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This was a busy week in the daily fantasy sports industry with significant movement in many states. Here’s a quick look back at what happened this past week, and what to watch for in the coming week:
Goodbye to New York … for now: The week began with a blockbuster. On Monday, the office of New York Attorney General Eric Schneiderman announced that it had reached a settlement with FanDuel and DraftKings. After months of legal wrangling, the two DFS giants both agreed (here and here) to cease operations in the Empire State. Later, Yahoo stopped its New York operations, too. But that does not end the battle in New York. The agreement’s shelf life is through September, when the primary appeal regarding the legality of DFS in New York is scheduled to be heard. Pending legislation could also supercede the agreement.
Massachusetts sets the standard: On Friday, Massachusetts Attorney General Maura Healey filed her much-anticipated DFS regulations. The regulations include a minimum age of 21 to play and a ban of contests based on college sports. There was also a bevy of consumer protections, including the exclusion of DFS employees and “contractors” from playing DFS contests, “truth in advertising” standards, and data security protocols. The move was immediately supported in prepared statements by both FanDuel and DraftKings.
Sweet Home Indiana: Gov. Mike Pence signed legislation on Thursday that made Indiana the second state to regulate fantasy sports, joining Virginia. The law includes a $50,000 licensing fee, with a $5,000 renewal, and that fee could be raised to $75,000 in the future. The Indiana Gaming Commission will establish a “Paid Fantasy Sports Division” to handle oversight, and the bill designates fantasy sports as a game of skill. The bill includes some interesting restrictions, too, including banning contests involving college football and basketball. The law takes effect on July 1.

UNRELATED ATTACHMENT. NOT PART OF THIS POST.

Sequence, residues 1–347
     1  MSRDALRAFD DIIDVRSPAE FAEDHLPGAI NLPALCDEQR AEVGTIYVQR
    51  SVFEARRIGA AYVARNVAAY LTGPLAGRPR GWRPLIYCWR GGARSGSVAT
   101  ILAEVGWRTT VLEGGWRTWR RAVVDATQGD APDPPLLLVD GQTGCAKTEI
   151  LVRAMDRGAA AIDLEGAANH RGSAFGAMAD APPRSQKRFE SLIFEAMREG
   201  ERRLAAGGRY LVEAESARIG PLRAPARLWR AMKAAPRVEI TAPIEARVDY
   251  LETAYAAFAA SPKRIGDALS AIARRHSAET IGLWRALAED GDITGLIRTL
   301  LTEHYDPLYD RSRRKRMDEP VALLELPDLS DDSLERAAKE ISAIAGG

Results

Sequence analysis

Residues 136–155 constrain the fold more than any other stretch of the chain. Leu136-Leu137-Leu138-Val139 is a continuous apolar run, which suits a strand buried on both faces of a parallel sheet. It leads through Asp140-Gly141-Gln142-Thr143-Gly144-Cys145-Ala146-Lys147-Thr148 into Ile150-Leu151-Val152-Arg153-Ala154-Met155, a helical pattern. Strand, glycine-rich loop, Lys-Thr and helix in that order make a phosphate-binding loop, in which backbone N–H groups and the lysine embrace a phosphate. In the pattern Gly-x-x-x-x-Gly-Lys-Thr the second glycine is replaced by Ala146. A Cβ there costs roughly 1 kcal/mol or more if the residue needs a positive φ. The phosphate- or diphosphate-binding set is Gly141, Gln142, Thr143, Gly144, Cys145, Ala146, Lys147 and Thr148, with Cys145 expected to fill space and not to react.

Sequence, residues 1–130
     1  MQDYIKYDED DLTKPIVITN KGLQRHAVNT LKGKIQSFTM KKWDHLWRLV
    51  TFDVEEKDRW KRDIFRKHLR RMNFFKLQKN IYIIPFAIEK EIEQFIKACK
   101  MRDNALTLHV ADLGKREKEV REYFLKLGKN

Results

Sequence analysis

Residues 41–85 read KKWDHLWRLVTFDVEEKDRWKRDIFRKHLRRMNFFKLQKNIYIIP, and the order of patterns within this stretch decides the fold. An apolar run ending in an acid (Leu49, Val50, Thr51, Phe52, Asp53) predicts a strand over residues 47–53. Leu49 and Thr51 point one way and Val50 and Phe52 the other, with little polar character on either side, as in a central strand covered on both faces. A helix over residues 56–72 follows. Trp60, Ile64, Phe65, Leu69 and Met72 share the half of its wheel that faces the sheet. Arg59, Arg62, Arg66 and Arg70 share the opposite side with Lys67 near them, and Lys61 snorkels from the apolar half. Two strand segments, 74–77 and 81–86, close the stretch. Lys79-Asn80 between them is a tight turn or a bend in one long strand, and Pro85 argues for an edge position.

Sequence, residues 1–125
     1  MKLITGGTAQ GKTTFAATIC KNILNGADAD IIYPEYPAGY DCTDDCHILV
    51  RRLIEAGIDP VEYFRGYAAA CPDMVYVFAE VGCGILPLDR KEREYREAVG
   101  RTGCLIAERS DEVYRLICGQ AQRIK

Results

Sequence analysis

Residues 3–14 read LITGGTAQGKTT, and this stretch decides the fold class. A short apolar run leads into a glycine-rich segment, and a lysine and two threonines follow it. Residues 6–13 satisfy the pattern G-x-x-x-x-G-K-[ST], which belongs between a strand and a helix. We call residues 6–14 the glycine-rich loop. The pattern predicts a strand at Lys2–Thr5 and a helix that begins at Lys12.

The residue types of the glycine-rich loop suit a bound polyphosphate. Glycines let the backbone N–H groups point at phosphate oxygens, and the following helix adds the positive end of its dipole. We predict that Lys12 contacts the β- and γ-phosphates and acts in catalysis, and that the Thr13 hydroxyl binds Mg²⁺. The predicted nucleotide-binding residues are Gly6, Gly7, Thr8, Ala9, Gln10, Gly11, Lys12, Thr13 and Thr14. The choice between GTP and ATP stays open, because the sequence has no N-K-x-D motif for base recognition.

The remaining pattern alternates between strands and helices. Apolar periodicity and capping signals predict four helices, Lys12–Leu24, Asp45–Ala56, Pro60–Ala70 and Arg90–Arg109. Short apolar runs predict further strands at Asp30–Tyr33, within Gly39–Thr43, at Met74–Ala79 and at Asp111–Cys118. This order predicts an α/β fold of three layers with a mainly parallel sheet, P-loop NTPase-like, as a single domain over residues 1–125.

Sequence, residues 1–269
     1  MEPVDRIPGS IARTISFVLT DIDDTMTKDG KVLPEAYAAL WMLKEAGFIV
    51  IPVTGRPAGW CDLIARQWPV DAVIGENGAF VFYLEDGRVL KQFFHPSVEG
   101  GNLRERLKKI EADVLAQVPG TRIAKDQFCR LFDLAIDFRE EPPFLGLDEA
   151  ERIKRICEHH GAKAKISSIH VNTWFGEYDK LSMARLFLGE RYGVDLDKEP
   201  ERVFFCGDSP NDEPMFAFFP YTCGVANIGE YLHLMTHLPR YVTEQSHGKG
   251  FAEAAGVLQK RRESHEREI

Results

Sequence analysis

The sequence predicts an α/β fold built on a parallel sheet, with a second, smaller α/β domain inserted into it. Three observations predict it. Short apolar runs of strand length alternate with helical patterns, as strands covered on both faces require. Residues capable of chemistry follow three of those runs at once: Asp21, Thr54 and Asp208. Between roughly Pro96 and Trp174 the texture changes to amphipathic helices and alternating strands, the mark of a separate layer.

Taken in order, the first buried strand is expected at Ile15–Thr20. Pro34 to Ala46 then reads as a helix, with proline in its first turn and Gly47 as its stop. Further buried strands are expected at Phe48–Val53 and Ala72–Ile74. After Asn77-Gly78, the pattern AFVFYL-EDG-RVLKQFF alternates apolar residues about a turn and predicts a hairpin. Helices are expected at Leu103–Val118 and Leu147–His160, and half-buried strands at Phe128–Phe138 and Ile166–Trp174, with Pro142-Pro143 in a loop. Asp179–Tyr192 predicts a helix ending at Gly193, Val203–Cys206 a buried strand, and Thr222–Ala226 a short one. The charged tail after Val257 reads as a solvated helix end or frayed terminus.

Yahoo gets more transparent: Yahoo Sports announced on Tuesday that it would be making changes in effort to “move the game much more toward one that’s about enjoyment, about sports.” Among the changes, Yahoo will limit entries to 10 per user per contest, and add a provision that a user cannot have more than 1 percent of total entries in a contest. In addition, “veteran” players will be identified with a badge, and Yahoo will eliminate and prohibit scripting tools to upload or edit entries.
Mississippi following Virginia, Indiana?: The Mississippi House is now considering a bill that would regulate daily fantasy sports, making it the state furthest along in legislation for DFS after Indiana and Virginia passed bills in recent weeks. The Mississippi bill passed the state’s Senate last week by a 48-3 vote. Mississippi is of particular concern because of a negative attorney general opinion, and the fact that sites have pulled out of the state. Of course, Mississippi is just one of many battleground states for the industry. One concern, though, is if the state regulations are supporting a duopoly in the industry.
Rock the vote in Maryland: It looks like voters could decide the fate of DFS in Maryland. A bill that would make DFS legal and allow for state regulation if voters approve the measure in November was one of two DFS-related bills that passed the Maryland Senate. If the bill passes though the House and is signed, it will make Maryland the first state to put DFS regulation on a ballot. That should certainly make for an interesting campaign for industry observers. However, the other bill Maryland lawmakers are considering would make DFS illegal.
MLB, golf fantasy seasons: Spring is here, which means the Masters in golf and Opening Day for baseball are just around the corner. As the potential for fantasy NBA and NHL winds down for the season, DraftKings, FanDuel and others will be depending on baseball, and sometimes golf, for the summer. FanDuel still only offers MLB contests throughout the summer, staying away from the golf vertical. After last year’s huge growth in the popularity of DFS for golf, it will be interesting to see if it can grow even more.